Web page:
The US sailor immortalised kissing a nurse amid jubilant celebrations at the end of the Second World War in New York’s Times Square has died just two days short of his 96th birthday.
George Mendonsa, who was captured in the iconic WWII image, fell and had a seizure at the assisted living facility in Middletown, Rhode Island, where he lived with his wife of 70 years, his daughter Sharon Molleur told The Providence Journal.
Mr Mendonsa was shown kissing Greta Zimmer Friedman, a dental assistant in a nurse’s uniform, on August 14, 1945.
The photo, taken by Alfred Eisenstaedt, was called V-J Day in Times Square but is known to most as The Kiss.
People had flocked to Times Square to celebrate the announcement of Japan’s surrender to the Allies, finally ending World War II.
Mr Mendonsa planted a kiss on Ms Friedman, whom he had never met.
The photo became one of the most famous photographs of the 20th century.
Speaking to the Veterans History Project in 2005, Ms Friedman said she “had no clue” who kissed her on V-J Day.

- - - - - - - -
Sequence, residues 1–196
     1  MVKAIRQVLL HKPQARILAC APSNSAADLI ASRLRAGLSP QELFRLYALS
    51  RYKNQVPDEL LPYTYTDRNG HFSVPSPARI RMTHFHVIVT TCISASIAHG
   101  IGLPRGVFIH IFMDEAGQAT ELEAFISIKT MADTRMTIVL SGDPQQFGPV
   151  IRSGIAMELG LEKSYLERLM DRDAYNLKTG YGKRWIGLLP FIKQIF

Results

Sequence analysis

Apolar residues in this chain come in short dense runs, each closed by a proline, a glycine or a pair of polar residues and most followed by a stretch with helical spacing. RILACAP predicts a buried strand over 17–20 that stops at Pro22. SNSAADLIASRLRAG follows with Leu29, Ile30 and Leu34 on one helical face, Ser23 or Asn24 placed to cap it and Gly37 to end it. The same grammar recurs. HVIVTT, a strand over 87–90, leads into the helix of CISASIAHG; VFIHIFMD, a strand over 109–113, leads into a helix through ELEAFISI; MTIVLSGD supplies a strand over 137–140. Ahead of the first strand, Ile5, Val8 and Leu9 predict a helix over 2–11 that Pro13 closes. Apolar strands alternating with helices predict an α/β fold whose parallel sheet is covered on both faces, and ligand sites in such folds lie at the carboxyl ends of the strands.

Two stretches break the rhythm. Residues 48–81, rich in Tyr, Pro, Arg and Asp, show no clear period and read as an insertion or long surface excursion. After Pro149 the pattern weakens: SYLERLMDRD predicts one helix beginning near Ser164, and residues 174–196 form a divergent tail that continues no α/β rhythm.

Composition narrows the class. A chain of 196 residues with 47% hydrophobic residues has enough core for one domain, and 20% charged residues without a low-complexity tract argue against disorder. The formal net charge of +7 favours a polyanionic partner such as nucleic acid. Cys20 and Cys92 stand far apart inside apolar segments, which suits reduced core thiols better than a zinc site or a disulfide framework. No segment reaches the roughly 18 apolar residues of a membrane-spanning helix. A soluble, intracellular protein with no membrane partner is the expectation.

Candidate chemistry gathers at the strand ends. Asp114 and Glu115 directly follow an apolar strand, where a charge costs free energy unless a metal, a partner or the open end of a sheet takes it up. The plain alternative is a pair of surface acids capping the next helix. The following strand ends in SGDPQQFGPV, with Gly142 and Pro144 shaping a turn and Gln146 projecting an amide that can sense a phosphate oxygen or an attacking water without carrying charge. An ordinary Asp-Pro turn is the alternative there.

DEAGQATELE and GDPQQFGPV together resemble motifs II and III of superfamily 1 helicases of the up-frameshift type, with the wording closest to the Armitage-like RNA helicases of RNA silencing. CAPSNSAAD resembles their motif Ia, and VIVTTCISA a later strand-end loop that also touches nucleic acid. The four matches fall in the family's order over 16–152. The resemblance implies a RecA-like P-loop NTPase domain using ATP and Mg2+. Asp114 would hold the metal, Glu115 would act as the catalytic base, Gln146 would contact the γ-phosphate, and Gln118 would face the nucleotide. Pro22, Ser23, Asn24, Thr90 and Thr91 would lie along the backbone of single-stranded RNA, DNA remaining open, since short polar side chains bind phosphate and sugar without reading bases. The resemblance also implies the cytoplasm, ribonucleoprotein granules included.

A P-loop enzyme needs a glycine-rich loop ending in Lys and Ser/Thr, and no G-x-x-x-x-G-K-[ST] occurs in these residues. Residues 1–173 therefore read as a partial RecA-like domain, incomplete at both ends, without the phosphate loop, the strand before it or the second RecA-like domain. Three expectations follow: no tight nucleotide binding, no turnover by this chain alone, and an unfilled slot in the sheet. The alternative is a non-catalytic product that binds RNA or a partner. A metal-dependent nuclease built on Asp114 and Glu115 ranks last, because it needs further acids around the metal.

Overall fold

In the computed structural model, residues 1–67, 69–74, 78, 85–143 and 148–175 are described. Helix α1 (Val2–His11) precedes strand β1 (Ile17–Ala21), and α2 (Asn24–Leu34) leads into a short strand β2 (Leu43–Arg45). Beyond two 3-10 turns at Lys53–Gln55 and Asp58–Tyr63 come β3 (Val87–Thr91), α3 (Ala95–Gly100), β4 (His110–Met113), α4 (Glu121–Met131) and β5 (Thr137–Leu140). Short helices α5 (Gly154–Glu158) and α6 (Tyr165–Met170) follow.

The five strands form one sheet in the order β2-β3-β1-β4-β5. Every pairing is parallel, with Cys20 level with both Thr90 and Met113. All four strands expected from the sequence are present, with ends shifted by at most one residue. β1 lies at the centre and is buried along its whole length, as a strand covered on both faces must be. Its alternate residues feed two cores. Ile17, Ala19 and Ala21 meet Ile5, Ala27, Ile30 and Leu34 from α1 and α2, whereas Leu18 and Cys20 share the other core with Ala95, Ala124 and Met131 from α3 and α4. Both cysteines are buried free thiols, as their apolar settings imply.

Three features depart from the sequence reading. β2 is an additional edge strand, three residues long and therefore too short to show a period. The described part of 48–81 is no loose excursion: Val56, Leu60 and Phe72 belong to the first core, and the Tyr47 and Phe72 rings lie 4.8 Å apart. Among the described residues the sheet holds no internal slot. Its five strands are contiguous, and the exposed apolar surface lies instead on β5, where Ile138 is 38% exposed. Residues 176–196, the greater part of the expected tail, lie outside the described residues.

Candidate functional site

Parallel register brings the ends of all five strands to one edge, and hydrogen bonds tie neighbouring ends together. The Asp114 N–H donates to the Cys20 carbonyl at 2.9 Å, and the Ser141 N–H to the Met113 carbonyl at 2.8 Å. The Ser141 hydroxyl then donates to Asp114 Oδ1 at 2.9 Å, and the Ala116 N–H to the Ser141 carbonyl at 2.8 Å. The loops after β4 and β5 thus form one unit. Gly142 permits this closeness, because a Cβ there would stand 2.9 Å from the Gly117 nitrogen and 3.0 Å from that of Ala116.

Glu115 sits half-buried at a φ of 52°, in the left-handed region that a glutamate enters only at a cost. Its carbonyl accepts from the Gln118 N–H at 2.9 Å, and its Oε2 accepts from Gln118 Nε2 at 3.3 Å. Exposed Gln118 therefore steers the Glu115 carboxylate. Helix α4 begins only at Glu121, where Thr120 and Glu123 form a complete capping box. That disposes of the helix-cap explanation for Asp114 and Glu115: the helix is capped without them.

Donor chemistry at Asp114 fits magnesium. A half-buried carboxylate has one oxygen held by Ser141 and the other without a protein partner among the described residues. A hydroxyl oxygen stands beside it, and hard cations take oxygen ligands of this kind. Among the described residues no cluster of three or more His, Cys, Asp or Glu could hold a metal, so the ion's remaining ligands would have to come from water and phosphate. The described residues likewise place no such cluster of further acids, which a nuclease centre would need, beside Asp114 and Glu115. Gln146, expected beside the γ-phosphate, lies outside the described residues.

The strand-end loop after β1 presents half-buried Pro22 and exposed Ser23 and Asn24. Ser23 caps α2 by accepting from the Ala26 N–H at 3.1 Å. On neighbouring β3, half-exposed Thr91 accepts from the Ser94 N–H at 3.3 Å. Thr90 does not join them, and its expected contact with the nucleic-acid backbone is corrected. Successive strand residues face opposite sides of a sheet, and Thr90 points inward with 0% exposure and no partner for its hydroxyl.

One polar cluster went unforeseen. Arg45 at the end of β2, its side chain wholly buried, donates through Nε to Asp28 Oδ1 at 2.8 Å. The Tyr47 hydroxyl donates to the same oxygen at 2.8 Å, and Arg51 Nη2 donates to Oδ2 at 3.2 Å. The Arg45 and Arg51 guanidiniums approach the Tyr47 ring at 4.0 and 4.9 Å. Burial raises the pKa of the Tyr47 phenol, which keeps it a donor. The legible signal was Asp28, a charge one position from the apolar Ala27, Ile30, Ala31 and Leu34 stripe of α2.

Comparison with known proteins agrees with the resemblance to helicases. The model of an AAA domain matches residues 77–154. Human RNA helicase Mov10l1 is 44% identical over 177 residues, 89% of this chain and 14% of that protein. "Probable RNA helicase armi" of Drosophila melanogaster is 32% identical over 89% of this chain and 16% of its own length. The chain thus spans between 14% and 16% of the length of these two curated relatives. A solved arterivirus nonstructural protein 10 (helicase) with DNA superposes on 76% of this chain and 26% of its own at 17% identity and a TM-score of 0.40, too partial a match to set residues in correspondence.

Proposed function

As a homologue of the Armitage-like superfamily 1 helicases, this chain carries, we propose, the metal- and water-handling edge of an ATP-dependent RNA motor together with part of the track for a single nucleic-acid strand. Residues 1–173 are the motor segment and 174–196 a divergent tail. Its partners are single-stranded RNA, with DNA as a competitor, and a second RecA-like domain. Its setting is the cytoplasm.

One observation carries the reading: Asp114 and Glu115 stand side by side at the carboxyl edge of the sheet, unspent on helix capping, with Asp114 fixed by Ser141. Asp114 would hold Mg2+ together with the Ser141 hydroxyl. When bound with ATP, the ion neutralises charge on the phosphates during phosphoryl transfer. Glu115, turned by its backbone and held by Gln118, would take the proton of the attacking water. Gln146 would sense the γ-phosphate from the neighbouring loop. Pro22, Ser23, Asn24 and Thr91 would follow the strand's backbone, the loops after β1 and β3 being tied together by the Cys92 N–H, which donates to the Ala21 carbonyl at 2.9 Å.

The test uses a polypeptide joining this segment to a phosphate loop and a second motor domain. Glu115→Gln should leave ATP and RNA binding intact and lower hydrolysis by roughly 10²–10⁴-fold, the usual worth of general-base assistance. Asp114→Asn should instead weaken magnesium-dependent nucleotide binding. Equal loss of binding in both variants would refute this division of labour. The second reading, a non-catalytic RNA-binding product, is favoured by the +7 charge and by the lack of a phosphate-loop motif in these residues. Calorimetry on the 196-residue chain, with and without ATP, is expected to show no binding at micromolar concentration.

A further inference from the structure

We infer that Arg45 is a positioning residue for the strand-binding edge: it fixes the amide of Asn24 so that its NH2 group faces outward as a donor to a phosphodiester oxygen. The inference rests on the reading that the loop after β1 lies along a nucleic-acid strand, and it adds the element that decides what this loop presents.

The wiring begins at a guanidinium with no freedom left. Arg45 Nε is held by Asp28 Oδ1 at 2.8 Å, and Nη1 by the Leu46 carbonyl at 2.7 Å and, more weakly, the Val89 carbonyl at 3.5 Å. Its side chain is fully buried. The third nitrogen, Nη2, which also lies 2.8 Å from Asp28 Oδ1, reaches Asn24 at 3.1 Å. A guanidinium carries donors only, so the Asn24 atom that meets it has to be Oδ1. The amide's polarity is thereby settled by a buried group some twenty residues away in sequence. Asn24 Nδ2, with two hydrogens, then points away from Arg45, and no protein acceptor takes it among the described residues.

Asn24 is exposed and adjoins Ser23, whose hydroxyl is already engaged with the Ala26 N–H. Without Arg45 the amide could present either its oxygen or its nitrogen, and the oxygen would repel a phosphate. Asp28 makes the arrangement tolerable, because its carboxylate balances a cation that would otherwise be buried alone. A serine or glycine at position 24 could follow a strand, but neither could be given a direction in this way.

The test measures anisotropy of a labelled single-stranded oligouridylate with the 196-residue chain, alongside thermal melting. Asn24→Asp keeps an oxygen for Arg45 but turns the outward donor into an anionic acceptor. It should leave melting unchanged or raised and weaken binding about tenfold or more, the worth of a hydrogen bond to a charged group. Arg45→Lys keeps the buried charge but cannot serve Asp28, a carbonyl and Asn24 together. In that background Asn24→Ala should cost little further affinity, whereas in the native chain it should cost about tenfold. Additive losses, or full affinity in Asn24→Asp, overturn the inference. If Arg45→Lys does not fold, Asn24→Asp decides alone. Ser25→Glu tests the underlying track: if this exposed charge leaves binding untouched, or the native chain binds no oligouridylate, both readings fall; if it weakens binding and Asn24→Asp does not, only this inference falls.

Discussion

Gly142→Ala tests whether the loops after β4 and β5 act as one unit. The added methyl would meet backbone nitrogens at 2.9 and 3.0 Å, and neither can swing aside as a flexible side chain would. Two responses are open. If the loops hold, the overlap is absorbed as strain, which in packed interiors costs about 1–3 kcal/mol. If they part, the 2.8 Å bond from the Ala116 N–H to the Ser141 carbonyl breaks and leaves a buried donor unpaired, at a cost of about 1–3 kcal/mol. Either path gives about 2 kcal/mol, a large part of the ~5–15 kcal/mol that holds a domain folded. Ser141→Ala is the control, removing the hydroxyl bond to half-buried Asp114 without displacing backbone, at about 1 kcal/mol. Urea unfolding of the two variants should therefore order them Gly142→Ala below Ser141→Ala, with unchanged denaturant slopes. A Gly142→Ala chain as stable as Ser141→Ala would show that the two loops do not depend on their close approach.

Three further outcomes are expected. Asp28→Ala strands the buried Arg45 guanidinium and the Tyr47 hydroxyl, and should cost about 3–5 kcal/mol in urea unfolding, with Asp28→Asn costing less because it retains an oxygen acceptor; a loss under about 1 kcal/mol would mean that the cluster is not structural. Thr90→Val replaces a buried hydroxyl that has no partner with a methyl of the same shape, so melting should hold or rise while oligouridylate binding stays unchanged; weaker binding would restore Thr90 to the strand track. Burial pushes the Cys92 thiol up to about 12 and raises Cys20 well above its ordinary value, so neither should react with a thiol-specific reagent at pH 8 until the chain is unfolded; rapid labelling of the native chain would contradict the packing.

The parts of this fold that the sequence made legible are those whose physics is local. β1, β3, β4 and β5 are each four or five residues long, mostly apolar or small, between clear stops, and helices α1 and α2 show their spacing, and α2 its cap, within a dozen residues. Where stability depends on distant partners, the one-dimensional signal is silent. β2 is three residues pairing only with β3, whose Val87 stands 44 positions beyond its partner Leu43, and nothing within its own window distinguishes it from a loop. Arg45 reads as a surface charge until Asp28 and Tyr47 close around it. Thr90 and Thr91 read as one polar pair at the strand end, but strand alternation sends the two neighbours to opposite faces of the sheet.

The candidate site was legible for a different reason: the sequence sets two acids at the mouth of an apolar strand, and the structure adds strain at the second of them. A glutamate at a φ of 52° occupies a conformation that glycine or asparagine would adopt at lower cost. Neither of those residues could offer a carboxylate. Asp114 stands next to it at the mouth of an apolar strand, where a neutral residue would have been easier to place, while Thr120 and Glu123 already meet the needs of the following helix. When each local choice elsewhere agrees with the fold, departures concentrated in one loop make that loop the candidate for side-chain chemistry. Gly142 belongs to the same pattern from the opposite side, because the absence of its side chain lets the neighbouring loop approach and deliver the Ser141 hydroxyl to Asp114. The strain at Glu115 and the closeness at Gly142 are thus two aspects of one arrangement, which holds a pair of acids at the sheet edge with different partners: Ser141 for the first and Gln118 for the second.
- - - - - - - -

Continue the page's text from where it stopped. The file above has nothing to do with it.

“I was grabbed by a sailor, and it wasn’t that much of a kiss, it was more of a jubilant act that he didn’t have to go back.
“And the reason he grabbed someone dressed like a nurse was that he just felt very grateful to nurses who took care of the wounded,” Ms Friedman said in her interview.
It was years before Mr Mendonsa and Ms Friedman were confirmed to be the couple.
While Mr Mendonsa maintained for 74 years that he was the sailor pictured in the photograph, it was only in 2012 that this was confirmed with the help of facial recognition technology which had ruled out other sailors who had made claims.
Mr Mendonsa served on a destroyer during the war and was on leave when the end of the war was announced.
He has said Ms Friedman reminded him of nurses on a hospital ship that he saw care for wounded sailors.
Ms Friedman fled Austria during the war as a 15-year-old girl.
She died in 2016 at the age of 92 at a hospital in Richmond, Virginia, from complications of old age.